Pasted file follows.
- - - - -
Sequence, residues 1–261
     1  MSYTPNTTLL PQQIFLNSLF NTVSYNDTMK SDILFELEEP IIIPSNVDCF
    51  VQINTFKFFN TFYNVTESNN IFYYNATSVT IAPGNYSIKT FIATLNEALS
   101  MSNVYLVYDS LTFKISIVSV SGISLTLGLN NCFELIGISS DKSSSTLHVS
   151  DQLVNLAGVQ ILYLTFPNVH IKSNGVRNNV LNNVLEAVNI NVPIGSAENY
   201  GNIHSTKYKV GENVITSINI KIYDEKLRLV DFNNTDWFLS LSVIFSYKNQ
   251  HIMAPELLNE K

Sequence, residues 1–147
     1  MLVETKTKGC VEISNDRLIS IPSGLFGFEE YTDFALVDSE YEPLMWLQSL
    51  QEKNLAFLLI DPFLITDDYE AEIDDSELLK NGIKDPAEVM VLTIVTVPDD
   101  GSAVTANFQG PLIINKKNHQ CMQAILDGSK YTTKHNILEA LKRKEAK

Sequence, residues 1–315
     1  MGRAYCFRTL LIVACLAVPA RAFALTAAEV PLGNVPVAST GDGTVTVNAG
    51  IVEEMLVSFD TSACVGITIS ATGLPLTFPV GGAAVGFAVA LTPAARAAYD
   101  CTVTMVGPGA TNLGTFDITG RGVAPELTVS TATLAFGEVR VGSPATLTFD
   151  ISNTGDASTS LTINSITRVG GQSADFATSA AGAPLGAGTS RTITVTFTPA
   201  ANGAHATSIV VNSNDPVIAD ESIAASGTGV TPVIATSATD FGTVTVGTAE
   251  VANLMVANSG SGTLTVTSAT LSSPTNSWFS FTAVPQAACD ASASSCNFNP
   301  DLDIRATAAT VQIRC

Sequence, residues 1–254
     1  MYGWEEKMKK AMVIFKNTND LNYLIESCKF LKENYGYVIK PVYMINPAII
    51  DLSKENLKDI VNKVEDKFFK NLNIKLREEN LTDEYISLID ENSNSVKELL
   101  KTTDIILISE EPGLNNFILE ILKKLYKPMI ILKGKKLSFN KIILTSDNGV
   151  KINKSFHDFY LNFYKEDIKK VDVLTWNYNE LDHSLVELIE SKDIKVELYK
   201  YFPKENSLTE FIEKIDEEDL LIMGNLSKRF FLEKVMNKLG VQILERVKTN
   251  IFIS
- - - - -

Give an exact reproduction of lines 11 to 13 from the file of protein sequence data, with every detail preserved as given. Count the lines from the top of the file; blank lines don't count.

   101  GSAVTANFQG PLIINKKNHQ CMQAILDGSK YTTKHNILEA LKRKEAK

Sequence, residues 1–315
     1  MGRAYCFRTL LIVACLAVPA RAFALTAAEV PLGNVPVAST GDGTVTVNAG